Chicago White Sox chairman Jerry Reinsdorf, on Paul Konerko’s struggles this past season and whether he will pursue retirement as he suggested earlier this year. (Chicago Tribune)


—Baseball players in the offseason


“Let them fight it out. We like both of them a lot. I love the competition in Spring Training. Patrick Corbin emerged last year. We didn't say anyone was the frontrunner. He took the bull by the horns. I want C.O. and Didi to be in the same situation. Just because Didi was there all year, I don't want him to think he's the everyday shortstop.”
—Diamondbacks general manager Kevin Towers, on the expected Spring Training battle for the starting shortstop position between Didi Gregorius and Chris Owings. (Barry M. Bloom,

“It’s a double-edged sword. Someone looking to win a World Series title next year may not think about the Astros as the first place to go sign. But having said that, we also have an opportunity. Jose Veras signed with us (last year) because he could be the closer. As of right now, we’re going into next year with that role in competition. There’s a lot of other clubs that don’t have that. You can be a starter in our rotation, potentially be an everyday outfielder on our club. You can be the guy.”
—Astros general manager Jeff Luhnow, on the organization’s lure to potential free agents. (Evan Drellich, Houston Chronicle)

“The difference to me is that the people who are running baseball teams are really smart now. The group each year gets smarter and smarter. That's the challenge. The other thing is there has been a lot of continuity in these [baseball-operation] positions. There hasn't been as much turnover. As a result, the guys who have had an opportunity to grow in their positions have become very, very good. It's not just the GM. There are a lot of smart front offices that are layered much deeper than they were when I first came in.”
—Athletics general manager Billy Beane, on whether it’s tougher to build a competitive team now than it used to be. (Barry M. Bloom,

“When we signed him to an extension, we considered him as a catcher, and those numbers he was able to get in the extension were based on him being a catcher. (Catching) is his passion, and that's where we need him to be at long term.”
—Giants general manager Brian Sabean, on the long-term plans for Buster Posey. Sabean doesn’t anticipate the Giants moving Posey to first base as the Twins announced would be the plan for Joe Mauer. (Chris Haft,

“We have three guys at the major league level and two guys at Double-A [Odor and Sardinas]; it would be irresponsible not to consider it. Will we ultimately make a deal? I really don’t know. Teams are getting the lay of the land, see what’s out there and make a decision.”
—Rangers general manager Jon Daniels, on possibly trading from the club’s middle infield surplus this offseason. (Evan Grant, Dallas Morning News)

“One of the greatest lines he ever said to me, we were talking in the outfield and his line was, ‘I just made $800,000 just talking to you for this five minutes sitting out here. How does that make you feel?’”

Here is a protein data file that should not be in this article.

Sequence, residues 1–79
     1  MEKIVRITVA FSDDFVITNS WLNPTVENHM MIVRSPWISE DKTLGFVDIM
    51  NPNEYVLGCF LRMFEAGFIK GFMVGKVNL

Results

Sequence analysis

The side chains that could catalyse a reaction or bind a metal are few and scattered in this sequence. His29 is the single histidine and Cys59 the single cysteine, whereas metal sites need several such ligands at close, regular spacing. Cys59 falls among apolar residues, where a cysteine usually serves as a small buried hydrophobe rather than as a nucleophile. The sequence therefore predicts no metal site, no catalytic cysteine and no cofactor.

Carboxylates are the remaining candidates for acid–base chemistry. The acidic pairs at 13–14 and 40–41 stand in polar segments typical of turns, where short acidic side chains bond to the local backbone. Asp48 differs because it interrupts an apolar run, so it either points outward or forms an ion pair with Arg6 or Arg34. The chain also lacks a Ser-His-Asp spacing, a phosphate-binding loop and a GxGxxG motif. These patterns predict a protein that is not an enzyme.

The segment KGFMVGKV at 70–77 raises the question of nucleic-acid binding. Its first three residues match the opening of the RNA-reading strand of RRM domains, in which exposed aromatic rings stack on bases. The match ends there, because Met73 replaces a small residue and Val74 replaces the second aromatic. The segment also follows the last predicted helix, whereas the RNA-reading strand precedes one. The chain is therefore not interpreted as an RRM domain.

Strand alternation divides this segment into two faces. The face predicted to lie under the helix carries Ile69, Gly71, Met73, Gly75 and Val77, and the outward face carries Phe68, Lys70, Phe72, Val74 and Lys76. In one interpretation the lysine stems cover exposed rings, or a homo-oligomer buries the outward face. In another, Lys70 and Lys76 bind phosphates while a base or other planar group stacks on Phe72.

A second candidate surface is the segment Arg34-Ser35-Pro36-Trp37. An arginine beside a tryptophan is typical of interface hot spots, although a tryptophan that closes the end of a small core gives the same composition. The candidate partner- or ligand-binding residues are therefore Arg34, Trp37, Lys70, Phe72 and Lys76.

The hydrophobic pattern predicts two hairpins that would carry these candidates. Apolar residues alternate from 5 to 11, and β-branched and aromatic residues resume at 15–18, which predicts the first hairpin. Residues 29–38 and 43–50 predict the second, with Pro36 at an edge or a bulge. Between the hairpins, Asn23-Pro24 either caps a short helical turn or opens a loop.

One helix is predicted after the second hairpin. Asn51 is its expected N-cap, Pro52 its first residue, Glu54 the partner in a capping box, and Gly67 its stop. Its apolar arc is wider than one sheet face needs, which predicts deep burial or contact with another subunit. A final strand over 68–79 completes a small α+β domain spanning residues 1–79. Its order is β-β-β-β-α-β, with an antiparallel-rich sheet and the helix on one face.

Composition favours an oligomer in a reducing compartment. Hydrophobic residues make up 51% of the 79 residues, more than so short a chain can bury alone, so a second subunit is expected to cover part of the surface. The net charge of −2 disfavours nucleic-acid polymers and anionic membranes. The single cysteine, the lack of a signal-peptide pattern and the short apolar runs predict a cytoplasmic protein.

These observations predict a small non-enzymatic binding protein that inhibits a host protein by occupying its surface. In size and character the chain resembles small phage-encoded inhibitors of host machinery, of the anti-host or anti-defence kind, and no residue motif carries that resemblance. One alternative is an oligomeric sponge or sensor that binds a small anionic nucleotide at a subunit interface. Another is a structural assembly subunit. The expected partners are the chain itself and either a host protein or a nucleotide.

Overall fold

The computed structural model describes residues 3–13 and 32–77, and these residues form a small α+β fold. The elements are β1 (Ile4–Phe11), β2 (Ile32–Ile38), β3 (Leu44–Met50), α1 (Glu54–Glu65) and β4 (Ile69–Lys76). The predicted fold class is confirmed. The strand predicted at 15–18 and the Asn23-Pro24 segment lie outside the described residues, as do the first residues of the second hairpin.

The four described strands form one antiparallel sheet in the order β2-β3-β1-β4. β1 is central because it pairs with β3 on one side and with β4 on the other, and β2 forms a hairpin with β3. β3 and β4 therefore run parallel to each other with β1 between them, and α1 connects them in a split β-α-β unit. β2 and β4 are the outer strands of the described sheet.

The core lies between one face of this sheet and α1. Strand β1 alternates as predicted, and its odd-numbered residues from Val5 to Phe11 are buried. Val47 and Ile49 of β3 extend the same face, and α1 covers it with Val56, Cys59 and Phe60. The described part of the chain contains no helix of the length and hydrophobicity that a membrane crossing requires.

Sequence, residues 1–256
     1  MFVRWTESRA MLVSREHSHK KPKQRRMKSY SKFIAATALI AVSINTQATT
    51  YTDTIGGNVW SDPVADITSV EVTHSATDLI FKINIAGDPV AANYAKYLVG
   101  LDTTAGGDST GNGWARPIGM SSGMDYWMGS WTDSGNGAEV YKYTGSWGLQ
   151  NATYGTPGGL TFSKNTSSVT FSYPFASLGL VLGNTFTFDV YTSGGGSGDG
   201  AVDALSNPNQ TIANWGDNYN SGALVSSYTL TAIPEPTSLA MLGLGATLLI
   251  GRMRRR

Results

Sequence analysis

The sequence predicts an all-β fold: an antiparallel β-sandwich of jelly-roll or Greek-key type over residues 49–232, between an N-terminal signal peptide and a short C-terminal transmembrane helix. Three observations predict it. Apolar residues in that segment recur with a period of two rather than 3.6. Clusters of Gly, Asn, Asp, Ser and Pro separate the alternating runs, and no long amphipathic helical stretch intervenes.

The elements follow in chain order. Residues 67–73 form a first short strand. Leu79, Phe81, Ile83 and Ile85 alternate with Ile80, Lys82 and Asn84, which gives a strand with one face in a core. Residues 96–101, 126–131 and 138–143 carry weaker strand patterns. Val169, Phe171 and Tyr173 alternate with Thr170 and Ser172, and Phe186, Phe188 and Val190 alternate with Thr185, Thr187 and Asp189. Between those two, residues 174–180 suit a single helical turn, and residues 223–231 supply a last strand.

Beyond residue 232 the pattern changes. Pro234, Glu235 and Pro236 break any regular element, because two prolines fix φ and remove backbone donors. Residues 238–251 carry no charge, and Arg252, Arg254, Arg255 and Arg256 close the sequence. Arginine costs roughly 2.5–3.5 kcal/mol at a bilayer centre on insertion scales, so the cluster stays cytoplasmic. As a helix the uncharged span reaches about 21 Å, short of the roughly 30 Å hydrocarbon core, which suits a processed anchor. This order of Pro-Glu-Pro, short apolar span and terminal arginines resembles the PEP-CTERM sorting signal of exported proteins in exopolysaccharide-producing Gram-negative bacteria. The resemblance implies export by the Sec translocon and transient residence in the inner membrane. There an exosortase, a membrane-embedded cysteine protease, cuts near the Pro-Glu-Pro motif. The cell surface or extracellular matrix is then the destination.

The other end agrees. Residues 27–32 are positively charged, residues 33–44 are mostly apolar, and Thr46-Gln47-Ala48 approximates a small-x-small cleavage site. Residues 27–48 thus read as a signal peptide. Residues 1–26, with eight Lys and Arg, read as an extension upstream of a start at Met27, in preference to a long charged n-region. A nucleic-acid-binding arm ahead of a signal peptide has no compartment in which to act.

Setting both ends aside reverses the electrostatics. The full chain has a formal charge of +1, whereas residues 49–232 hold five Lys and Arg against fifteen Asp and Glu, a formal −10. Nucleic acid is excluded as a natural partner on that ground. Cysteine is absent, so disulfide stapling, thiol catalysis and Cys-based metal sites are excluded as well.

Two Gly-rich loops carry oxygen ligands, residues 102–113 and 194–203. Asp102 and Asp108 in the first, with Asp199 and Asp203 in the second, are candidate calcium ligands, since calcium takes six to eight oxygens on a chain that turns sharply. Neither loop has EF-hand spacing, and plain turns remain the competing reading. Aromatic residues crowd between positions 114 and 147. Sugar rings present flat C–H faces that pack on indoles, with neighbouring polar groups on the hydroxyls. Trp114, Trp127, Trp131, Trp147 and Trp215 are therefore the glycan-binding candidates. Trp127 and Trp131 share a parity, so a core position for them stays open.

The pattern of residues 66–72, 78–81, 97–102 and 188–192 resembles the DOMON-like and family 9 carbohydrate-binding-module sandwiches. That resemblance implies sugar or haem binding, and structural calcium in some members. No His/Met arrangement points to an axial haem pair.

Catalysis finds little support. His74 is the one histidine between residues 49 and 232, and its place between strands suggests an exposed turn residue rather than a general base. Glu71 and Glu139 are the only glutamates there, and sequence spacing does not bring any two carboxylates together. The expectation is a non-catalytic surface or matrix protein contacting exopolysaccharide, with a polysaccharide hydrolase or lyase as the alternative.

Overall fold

—Rangers starting pitcher Derek Holland, on friend and former teammate Mike Napoli putting him in check. Holland joined radio host Ben Rogers on KRLD-FM 105.3 this past Thursday. (Dallas Morning News)

"It's just really something for the fans of the Tampa Bay area. They need a new ballpark, they need to address that. Certainly the bell's been answered by the organization as far as putting a product on the field that would normally attract fans."
—Agent Scott Boras, suggesting that the Rays may need to consider relocation if they cannot secure a deal for a new stadium. (Marc Topkin, Tampa Bay Times)

“Trout is by far the best player in the league — he has everything.”
—Tigers third baseman Miguel Cabrera, after receiving his second consecutive MVP award. (John Lowe, Detroit Free Press)

“At the rate the Yankees are going, I’m not sure anyone can compete with them. Frankly, the sport might need a salary cap."
—Brewers owner Mark Attanasio, on his qualms with the spending disparities in the major leagues. (John Harper, New York Daily News)

“Given that we are going from 19 seating categories with 19 price points to 19 categories with 95 price points, we understand it may take a while for our fans to adjust. That said, all 29 other MLB clubs have some form of variable or dynamic pricing and their fans quickly adjusted to a higher price for high demand games and a lower price for games with less demand.”
—Red Sox COO Sam Kennedy, commenting on the team’s change to a “dynamic pricing” plan, which will charge variable prices depending on the “quality” of the matchup. (Michael Silverman, Boston Herald)

“I don't know he's going to play himself off that position. We are counting on him to be that guy. We will continue to work it. He played second base three or four times. He's getting exposed to that part of it too. But he's getting his at-bats and bulk of innings at shortstop.”
—White Sox minor league field coordinator Kirk Champion on the team’s 2013 first-round pick, shortstop Tim Anderson. (Scott Merkin,

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Want you guys (and/or gals) to know that this continues to be one of my favorite parts of BP. Thanks for the hard work you put into it!
You're welcome, thank you for reading!
The Brewers owner's comments about the Yanks seem a little outdated. This considering the Dodgers are the top spenders and the Yankees are being Suppressed payroll wise due the luxury tax.